What does it mean to be rightly dividing the word of truth (2 Timothy 2:15)?

Second Timothy is a letter from the apostle Paul to his "beloved child" Timothy, a young man who had joined Paul and Silas on one of their missionary journeys (2 Timothy 1:1–2; Acts 16). Timothy was with Paul when he wrote several other New Testament epistles, served as Paul's representative to several churches (1 Corinthians 4:17; Philippians 2:19), and became the pastor of the church at Ephesus (1 Timothy 1:3). The men were close. Second Timothy was written shortly before Paul's death. Knowing death was likely soon, it seems Paul specifically wanted to encourage Timothy, and all believers, to stand firm in the faith. It is with that backdrop that he wrote, "Do your best to present yourself to God as one approved, a worker who has no need to be ashamed, rightly handling the word of truth" (2 Timothy 2:15).

The phrase, "rightly dividing the word of truth," from the KJV translation is perhaps the most often quoted version of this verse. Other versions say "accurately handling" (NASB) or "correctly handles" (NIV) or "correctly explains" (NLT). The Greek word, orthotomeo, refers to making a straight cut. The concept is simple enough: Timothy is being encouraged to understand and use the Word of God in the appropriate manner. As with all verses, exploring the larger context can lead to greater understanding.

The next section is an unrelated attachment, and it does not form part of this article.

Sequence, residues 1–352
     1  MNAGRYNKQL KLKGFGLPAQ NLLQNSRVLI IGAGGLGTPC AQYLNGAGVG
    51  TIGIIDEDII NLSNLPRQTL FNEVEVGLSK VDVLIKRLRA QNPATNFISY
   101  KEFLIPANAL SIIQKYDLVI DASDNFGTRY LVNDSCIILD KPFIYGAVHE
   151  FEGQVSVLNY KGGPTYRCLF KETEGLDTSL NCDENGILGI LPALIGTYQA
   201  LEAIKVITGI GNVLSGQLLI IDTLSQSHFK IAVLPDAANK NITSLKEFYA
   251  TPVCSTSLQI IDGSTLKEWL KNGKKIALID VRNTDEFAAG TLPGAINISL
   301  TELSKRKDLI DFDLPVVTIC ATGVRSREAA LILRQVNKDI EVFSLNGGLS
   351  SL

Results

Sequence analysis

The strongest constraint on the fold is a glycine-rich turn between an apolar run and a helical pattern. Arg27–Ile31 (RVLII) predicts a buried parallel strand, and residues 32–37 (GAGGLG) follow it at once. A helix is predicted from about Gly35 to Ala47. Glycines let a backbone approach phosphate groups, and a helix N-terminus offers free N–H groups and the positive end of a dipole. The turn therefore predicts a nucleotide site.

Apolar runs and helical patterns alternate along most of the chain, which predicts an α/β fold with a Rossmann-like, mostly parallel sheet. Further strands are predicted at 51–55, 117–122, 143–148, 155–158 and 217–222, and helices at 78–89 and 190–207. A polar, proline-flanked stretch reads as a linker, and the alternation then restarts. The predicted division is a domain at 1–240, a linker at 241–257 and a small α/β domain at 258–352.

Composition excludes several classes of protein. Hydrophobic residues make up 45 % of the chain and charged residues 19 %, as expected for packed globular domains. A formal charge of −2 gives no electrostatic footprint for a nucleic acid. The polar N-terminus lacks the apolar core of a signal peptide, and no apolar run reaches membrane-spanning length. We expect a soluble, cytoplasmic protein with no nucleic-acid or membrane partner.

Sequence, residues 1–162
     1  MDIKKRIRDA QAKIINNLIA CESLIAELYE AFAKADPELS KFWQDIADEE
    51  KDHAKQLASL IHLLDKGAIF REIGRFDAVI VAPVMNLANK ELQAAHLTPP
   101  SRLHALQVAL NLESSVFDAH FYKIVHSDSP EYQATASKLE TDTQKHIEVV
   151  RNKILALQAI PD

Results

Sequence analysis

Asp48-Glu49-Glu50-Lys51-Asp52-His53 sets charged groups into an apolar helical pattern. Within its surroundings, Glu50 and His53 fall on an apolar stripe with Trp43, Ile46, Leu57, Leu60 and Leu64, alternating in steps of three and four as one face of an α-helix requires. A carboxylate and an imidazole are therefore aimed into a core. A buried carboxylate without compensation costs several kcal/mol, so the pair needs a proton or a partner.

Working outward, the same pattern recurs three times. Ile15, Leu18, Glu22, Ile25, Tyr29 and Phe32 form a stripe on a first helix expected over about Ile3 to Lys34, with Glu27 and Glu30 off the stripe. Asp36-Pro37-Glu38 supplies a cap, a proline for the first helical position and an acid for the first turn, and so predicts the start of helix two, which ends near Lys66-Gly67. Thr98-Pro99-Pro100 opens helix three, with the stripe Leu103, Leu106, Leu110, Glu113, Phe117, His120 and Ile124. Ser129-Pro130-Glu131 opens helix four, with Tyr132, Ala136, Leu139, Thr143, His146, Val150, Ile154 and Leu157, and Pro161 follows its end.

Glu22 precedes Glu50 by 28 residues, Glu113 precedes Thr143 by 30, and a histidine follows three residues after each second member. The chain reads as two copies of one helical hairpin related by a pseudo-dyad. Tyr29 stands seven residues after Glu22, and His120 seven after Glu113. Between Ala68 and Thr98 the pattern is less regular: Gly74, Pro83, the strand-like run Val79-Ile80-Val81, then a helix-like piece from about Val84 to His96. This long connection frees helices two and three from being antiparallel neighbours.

Paul had already spoken of Timothy's "sincere faith" (2 Timothy 1:5) and reminded him to "fan into flame the gift of God" (2 Timothy 1:6). Paul exhorted him not to be ashamed of the truth about Jesus nor of Paul's imprisonment. Paul was "not ashamed, for I know whom I have believed, and I am convinced that he is able to guard until that day what has been entrusted to me" (2 Timothy 1:12). Paul encouraged Timothy to "Follow the pattern of the sound words that you have heard from me … By the Holy Spirit who dwells within us, guard the good deposit entrusted to you" (2 Timothy 1:14). We see Paul affirming Timothy's faith and exhorting him to continue to walk out God's calling upon his life, steadfast in the truth of God.

Paul writes, "You then, my child, be strengthened by the grace that is in Christ Jesus, and what you have heard from me in the presence of many witnesses entrust to faithful men, who will be able to teach others also" (2 Timothy 2:1–2). Timothy is not only to remain steadfast, but to pass the faith on to others, who will also teach others. Timothy is to "Remind them of these things, and charge them before God not to quarrel about words, which does no good, but only ruins the hearers. Do your best to present yourself to God as one approved, a worker who has no need to be ashamed, rightly handling the word of truth. But avoid irreverent babble, for it will lead people into more and more ungodliness" (2 Timothy 2:14–16). Rather than get caught up in pointless debates or participate in ungodly babble, Timothy is to be steadfast in the truth and teach others to be the same. He should handle the word of God correctly, diligently studying it, adhering to it, and encouraging others to do the same.